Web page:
New York’s medical cannabis tax revenues are far less than anticipated as officials are expecting just $1 million after budgeting for $4 million when the program was announced, Politico reports. The revenues, which officials do not expect to grow over the next three years, come from a 7 percent excise tax on medical cannabis sales.
The first full year of the state’s limited medical cannabis program has experienced growing pains. In August, three of the state’s five licensed producers indicated they were still not profitable; at that time PharmaCann representative estimated that it would be another 18 months before they moved into the black. Last week one of those five companies, New York City operator Bloomfield Industries, was purchased by California-based MedMen. According to a previous Politico report, Bloomfield was experiencing “financial constraints.”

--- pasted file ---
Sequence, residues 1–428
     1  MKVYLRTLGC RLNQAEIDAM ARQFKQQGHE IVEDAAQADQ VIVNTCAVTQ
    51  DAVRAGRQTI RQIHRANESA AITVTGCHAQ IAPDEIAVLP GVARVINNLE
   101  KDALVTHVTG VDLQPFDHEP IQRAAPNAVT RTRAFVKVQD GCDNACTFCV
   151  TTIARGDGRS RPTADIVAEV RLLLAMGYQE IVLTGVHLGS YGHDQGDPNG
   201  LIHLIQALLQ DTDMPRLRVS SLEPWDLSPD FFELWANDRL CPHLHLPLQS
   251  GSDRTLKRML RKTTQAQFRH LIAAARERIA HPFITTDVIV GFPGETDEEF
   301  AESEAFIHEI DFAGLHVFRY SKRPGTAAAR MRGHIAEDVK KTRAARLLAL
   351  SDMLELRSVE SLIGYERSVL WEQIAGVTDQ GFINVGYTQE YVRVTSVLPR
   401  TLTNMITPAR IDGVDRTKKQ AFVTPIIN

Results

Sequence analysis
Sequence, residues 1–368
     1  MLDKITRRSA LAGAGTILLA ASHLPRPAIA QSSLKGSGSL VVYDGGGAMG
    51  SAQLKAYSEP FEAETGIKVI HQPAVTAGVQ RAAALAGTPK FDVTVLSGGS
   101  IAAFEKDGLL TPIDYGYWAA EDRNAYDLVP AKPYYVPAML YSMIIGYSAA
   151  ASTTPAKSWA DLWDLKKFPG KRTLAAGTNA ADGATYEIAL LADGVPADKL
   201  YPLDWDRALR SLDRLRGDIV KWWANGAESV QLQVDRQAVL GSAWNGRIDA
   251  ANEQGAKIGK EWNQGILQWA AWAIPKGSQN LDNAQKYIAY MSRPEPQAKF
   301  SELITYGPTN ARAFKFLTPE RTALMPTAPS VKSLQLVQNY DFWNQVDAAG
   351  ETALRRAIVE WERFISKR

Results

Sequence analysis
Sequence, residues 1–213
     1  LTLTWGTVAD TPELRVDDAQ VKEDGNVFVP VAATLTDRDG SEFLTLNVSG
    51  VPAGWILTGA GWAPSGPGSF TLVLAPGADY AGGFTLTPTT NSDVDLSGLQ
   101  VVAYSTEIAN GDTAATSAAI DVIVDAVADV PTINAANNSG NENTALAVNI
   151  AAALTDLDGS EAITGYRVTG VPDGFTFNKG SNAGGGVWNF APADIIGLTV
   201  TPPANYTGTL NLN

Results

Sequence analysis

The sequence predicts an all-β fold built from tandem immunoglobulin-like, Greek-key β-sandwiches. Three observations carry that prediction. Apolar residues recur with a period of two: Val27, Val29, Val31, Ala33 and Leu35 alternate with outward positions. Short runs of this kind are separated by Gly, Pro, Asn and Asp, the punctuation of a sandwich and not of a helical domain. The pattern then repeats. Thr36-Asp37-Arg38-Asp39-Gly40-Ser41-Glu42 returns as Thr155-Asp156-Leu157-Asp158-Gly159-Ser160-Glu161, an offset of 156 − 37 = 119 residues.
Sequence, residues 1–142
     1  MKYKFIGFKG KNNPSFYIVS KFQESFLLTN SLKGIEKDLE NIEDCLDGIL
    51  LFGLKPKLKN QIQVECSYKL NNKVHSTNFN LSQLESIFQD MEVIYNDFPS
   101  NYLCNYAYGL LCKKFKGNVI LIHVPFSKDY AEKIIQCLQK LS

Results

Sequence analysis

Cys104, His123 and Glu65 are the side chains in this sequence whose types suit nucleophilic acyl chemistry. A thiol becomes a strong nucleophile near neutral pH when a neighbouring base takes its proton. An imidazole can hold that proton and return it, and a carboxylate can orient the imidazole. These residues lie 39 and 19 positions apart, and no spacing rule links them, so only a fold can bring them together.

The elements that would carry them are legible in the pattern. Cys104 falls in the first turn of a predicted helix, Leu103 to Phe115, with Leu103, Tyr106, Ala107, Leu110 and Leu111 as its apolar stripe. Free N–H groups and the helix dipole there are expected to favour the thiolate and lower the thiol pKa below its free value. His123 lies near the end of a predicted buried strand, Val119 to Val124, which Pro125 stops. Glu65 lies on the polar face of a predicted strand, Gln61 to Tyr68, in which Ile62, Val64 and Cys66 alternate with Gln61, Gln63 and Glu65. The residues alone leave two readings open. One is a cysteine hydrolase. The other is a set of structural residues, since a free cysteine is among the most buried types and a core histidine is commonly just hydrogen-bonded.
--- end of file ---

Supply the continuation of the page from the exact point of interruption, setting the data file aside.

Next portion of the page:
However, the state Health Department did expand access to the program by adding chronic pain to the qualifying condition list, and allowing physician assistants and nurse practitioners to certify patients for medical cannabis use.
According to Department of Health data, there are currently 12,530 registered patients and 824 registered practitioners under the program, up from the 10,730 patients and 750 practitioners counted in the agency’s two-year report released in December.
Get daily cannabis business news updates. Subscribe